This analysis claims that the best job in America is software engineer. Maybe not the "best," but I would say it is one of the better. ones.

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Sunday February April 15, 2012

A new term for me: "brogrammers: programmers who think and behave like fraternity pledges." In other words, young males when put in large groups of young males without supervision tend to act like a bunch of jerks. They push out anyone who is different - especially females. There is much we can write about this topic.

In case you haven't heard, this week marks the 100th anniversary of the Titanic's wreck and sinking. I like this post as it links to a number of other posts about the Titanic and other ship wrecks.

When writing short stories and other fiction, write about your own life. Some view this as cheating, but I see it as much easier than writing about someone else's life.

How being child-like can aid as a writer. I like the tip about the afternoon nap.

Will the resume go away because employers can learn about you from the Internet?

Here is a list of the 50 stores that Best Buy is closing. The three in Virginia are within two hours of my house.

Wow, The University of Oxford and the Vatican are collaborating to digitize 1.5 million pages of text from the 16th century and earlier. History.

Don't write one book and stop writing until the first book sells. Write, write, and write.

A history of the pen or "ink pen" as some people call them.

And since we all have pens and paper, why not write by hand instead of keyboard and computer? It is a different rhythm. For me, my arm muscles ache after half an hour with pen while I can type for hours without such physical fatigue.

Summarizing a novel in two sentences. This is originally from Dwight Swain and is excellent.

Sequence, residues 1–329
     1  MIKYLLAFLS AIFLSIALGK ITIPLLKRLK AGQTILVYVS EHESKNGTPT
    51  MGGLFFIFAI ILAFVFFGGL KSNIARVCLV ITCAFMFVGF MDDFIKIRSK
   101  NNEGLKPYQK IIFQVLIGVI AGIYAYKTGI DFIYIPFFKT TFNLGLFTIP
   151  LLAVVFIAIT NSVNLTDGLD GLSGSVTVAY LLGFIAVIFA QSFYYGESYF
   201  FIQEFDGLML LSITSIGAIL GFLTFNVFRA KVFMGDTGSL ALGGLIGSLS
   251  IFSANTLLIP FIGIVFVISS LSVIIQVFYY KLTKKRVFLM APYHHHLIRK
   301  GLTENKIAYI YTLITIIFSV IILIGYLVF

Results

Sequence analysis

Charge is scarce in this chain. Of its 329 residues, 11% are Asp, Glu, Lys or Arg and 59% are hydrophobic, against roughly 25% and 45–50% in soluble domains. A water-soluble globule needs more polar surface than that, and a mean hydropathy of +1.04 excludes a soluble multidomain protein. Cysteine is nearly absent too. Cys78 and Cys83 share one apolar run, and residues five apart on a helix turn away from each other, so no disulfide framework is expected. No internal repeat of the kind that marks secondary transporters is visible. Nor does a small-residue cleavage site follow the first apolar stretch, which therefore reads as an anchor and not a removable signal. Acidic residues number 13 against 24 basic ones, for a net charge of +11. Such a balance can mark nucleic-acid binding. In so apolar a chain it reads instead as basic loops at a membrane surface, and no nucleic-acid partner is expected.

Your freelance backup team.

I like this post for writers. The title is about writer's block, and I generally don't read anything with a title about writer's block, but I find the tips applicable to just plain writing. I like the thoughts.

Here is a nice graphic explaining (one view of) the Cyber Intelligence Sharing and Protection Act (CISPA).

"(Freelancing) Success...is far more about a lot of things you have to do, rather than some way you have to be." Success is hard work. There are a lucky few (less than a tenth of one percent by my estimate). The rest work really hard over a long period of time with a self-imposed low cost of living. I have a full time job instead of living as a freelancer. Some of the main reasons are the pay is higher and the work is much easier.

And a tale of success that broke the writer's heart. Pamela Travers wrote about Mary Poppins in the 1930s. Walt Disney made an Academy Award-winning movie that Travers hated. The royalties, however, made her rich.

Some thoughts on self publising and happiness. One neat thing about self publishing is that you can tell your friends that your wrote four books or fifty short stories this year, and they were all published! Then you can explain the real economics of writing.

And the role of persistence in all this. Please note the point about "a year from now..."

Some habits for simplifying your life. Most of these work for me.

Some ePublishing services. I use Smashwords. It is pretty simple and seems to work.

The "coffice" - a combination of  coffee shop and office. Some writers make their living sitting in coffices. Others, like me, work there an hour or so a day, and there are others who do everything in between. Some thoughts on where writers write. Like always, try different places, use what works, and forget the rest.

Thoughts on making a living with eBooks and independent publishing. For me, I am earning about $10 a month with short stories via Smashwords.com. I don't try hard, and the money is not the goal for me. Still, by this post, there are those who are making a living, while not becoming wealthy, doing nothing else. Good for them.